California contains a huge number of Spanish speakers, with nineteen percent of California residents speaking Spanish. However, California’s sole official language is English. Three U.S. states have already added official languages besides English, and, as the Hispanic population in California is quickly growing, it’s time California considers joining them and adding Spanish as an official language.
There is already a precedent for states’ official languages to be the languages used before the U.S. took over. Alaska has over 10 official languages in addition to English. All these languages were native to Alaska before the U.S. took control of that land. When the U.S. annexed California, many Mexican citizens stayed behind. Spanish is currently the first language of 90% of Mexican citizens. Gloria Bell, a Berkeley High School student, said, “(The Spanish language is) a part of California history as well as modern-day culture.” The deep history Mexicans and Spanish-speaking people have in California should be reflected in California’s official languages.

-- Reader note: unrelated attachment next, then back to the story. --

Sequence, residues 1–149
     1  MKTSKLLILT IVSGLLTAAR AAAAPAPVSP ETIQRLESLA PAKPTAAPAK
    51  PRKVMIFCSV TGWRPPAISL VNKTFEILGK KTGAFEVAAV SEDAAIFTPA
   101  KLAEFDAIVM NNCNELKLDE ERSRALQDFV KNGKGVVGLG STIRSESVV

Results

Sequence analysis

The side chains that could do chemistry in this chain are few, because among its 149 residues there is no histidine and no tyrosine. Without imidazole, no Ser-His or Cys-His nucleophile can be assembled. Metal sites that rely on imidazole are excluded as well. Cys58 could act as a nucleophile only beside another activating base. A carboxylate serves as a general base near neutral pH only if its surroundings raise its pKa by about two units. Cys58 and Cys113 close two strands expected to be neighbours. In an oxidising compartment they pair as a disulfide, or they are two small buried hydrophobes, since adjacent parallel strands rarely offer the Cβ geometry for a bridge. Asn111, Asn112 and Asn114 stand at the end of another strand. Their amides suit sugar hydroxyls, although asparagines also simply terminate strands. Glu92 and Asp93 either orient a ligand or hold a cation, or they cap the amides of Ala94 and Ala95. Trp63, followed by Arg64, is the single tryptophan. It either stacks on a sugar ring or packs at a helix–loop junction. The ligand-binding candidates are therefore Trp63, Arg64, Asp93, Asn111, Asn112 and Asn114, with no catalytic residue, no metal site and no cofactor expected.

Making Spanish an official language would be a statement to the Hispanic community that the government recognizes them. Making sure all people feel valued and recognized is a crucial part of creating active citizenship and pride in a state. Raquel Feldman, a BHS student said, “With the number of people that speak Spanish, especially in California, I think that (Spanish becoming an official language) would be such a nice thing.”
Recognizing Spanish as an official language of California would also make resources more accessible and make the lives of people who solely speak Spanish easier. Spanish being an official language would mean that communication from the government to citizens would always be in both English and Spanish. It would be easier for Spanish-speaking people to fill out government forms, apply for jobs, or simply find resources in their cities.
Although some might argue that because the majority of Californians don’t speak Spanish, it shouldn’t be added as an official language, it’s important to recognize that a large part of the California population is made up of people from Spanish-speaking countries.
Furthermore, there are no real drawbacks to having multiple official languages. As Bell said, “Why should we limit ourselves to one language? Making Spanish an official language improves inclusivity and shows how far California has come in recognizing its history and future.”